“TikTok has provided me with an incredible outlet to reach new fans and demographics through fun and creative content, and I’ve seen the highest growth in followers on TikTok over my other social channels,” Vargas said in a press release. “The opportunity to run the No. 6 TikTok Chevrolet Camaro in the NASCAR Xfinity Series for the rest of the season is an absolute dream come true. Johnny Davis and the whole JD Motorsports with Gary Keller team took a chance on me last year and I’m excited to bring this amazing TikTok partnership their way. I wouldn’t want to make this partnership a reality anywhere else.”

Vargas has made three Xfinity Series starts this year. His best finish was 13th at Pocono.

The sponsor deal is part of TikTok’s Latinx Heritage Month programming.

A native of La Mirada, California, Vargas joined TikTok last year. He is a former member of NASCAR’s Drive 4 Diversity programming and a winner of the Wendell Scott Trailblazer award, which is given to a minority or female driver who displays exceptional on-track performance, sportsmanship, and community service.

The partnership and paint scheme were inspired by a concept scheme by graphic designer Ryan Pistana, a friend of Vargas’.

“Creators of all sizes and backgrounds show up to TikTok with their genuine, authentic selves,” Nick Tran, TikTok’s Head of Global Marketing, said in a press release. “Partnering with an iconic brand like NASCAR to sponsor Ryan Vargas on his racing journey is a way for us to continue to support, celebrate and elevate the diverse creators that make our TikTok community what it is today. Ryan is an incredible athlete, and we’re looking forward to cheering him on alongside the rest of the TikTok community!”

According to CNBC in August, TikTok has roughly 100 million monthly users, up nearly 800% from January 2018.

TikTok, a Chinese-owned company, has been in national headlines recently after President Donald Trump threatened to ban the app in the United States for national security reasons if it was not sold to an American company. On Sept. 19 he approved a deal for its U.S operations to be operated by Oracle and Walmart.

Las Vegas weekend schedule

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NASCAR’s postseason continues with the Las Vegas weekend schedule, as the Cup Series begins the Round of 12.

In addition to Cup, Las Vegas Motor Speedway will host the Xfinity Series’ playoff opener and the second race of the Truck Series’ opening round.

More: Kevin Harvick on pole for Cup race

Here is the Las Vegas weekend schedule:

(All times Eastern)

Friday, Sept. 25

Noon – 2 p.m. ET – Truck Series haulers enter (screening and equipment unload)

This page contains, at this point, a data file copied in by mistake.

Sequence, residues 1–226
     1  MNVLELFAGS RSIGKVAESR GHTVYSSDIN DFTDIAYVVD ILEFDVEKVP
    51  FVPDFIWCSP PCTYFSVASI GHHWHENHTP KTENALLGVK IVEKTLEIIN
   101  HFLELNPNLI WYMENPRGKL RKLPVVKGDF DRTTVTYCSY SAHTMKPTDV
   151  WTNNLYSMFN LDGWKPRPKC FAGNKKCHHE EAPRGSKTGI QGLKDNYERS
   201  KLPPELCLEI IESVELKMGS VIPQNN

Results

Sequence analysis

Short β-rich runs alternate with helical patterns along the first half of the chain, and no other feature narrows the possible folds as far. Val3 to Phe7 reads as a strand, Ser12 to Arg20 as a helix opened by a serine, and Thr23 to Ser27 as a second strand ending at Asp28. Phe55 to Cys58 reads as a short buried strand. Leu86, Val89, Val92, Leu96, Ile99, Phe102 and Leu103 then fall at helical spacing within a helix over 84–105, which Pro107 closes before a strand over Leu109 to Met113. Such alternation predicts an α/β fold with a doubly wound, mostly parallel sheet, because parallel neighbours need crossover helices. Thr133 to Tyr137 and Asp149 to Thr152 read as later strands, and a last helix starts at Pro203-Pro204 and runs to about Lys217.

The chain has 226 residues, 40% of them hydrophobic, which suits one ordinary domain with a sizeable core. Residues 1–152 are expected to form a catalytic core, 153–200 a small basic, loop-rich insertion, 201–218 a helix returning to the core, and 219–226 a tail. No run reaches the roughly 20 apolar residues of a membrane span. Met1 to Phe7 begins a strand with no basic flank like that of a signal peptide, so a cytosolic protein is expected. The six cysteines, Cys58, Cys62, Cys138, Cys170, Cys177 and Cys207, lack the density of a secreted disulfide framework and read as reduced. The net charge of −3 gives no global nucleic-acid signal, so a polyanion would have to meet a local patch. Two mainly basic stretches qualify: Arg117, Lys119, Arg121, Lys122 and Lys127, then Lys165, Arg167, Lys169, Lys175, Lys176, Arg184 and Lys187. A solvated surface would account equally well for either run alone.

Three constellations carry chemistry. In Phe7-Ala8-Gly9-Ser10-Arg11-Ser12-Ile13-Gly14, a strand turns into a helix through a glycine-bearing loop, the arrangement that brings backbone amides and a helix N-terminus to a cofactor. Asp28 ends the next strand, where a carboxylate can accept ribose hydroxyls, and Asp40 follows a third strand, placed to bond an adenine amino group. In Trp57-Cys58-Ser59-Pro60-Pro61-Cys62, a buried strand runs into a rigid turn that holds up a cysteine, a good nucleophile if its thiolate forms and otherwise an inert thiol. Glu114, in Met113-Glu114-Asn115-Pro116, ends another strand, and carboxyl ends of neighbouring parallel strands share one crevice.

2 p.m. – Truck Series garage opens

2 – 8 p.m. – Truck Series garage access screening in progress

2:30 – 3 p.m. – Truck Series rookie meeting (electronic communication)

5 p.m. – Xfinity rookie meeting (electronic communication)

5:30 p.m.  – Xfinity driver-crew chief meeting (electronic communication)

8:50 p.m. – Truck Series drivers report to vehicles

9 p.m.- Truck Series race; 134 laps/201 miles (FS1, Motor Racing Network, SiriusXM NASCAR Radio)

11:30 p.m. – Truck Series haulers exit


Saturday, Sept 26.

11 a.m. – 1 p.m. – Xfinity haulers enter (screening and equipment unload)

1 p.m. – Xfinity garage opens

1 – 6:30 p.m. – Xfinity garage access screening in progress

5 p.m. – Cup rookie meeting (electronic communication)

5:30 p.m. – Cup driver-crew chief meeting (electronic communication)

7:20 p.m. – Xfinity drivers report to cars

7:30 p.m. – Xfinity race; 200 laps/300 miles (NBCSN, Performance Racing Network, SiriusXM NASCAR Radio)

9:30 p.m. – Xfinity haulers exit

10:30 p.m. – 12:30 a.m. – Cup haulers enter


Sunday, Sept. 27

Noon – Cup garage opens

Noon – 6 p.m.  – Cup garage access screening in progress

6:50 p.m. – Cup drivers report to cars

7 p.m. – Cup race; 267 laps/400.5 miles (NBCSN, PRN, SiriusXM NASCAR Radio)

11:30 p.m. – Cup haulers exit

NTSB releases final report on Dale Jr. plane crash

Photo: Dustin Long
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Pilot error played a key role in the August 2019 crash of a plane carrying Dale Earnhardt Jr. and his family, a final report by the National Transportation Safety Board stated Wednesday.

Earnhardt, wife Amy and daughter Isla were on board the plane, which crashed after a hard landing at Elizabethton (Tennessee) Municipal Airport on Aug. 15, 2019. The report stated all three suffered minor injuries. 

The NTSB listed the probable causes of the accident as: “The pilot’s continuation of an unstabilized approach despite recognizing associated cues and the flight crew’s decision not to initiate a go-around before touchdown, which resulted in a bounced landing, a loss of airplane control, a landing gear collapse, and a runway excursion. Contributing to the accident was the pilot’s failure to deploy the speedbrakes during the initial touchdown, which may have prevented the runway excursion, and the pilot’s attempt to go around after deployment of the thrust reversers.”

A “go-around” occurs when a pilot pulls out of a landing and gains altitude to make another landing attempt.

The report stated that “the flight crew made several comments about the airplane flying too fast and allowed the airspeed to increase well above the reference speed for the approach.”

The report stated that “the pilot did not extend the speedbrakes upon touchdown, which landing checklist required, but instead attempted to deploy the thrust reversers immediately after touchdown, which was a later item on the landing checklist.”

Earnhardt’s Cessna 680A Citation Latitude bounced twice upon landing as it traversed the 5,001-foot runaway.

After the fourth touchdown, the right main landing gear collapsed. The plane went off the road and through a 400-foot long area of grass. It went down an embankment, through a creek and a chain-link fence. It continued up an embankment. The plane came to rest about 600 feet beyond the runway at the edge of a four-lane highway.

The passengers and two pilots escaped as the plane burned.

The full report can be read here.